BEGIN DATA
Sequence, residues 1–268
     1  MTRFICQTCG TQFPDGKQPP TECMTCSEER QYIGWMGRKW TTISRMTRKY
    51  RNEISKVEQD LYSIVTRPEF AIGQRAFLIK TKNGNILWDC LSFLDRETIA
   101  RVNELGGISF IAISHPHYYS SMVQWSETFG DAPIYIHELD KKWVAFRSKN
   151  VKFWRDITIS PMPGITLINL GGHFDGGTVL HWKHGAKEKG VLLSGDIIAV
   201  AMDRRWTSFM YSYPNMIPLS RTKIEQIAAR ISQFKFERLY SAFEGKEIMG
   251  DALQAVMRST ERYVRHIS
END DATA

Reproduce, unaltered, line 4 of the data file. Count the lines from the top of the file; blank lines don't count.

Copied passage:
   101  RVNELGGISF IAISHPHYYS SMVQWSETFG DAPIYIHELD KKWVAFRSKN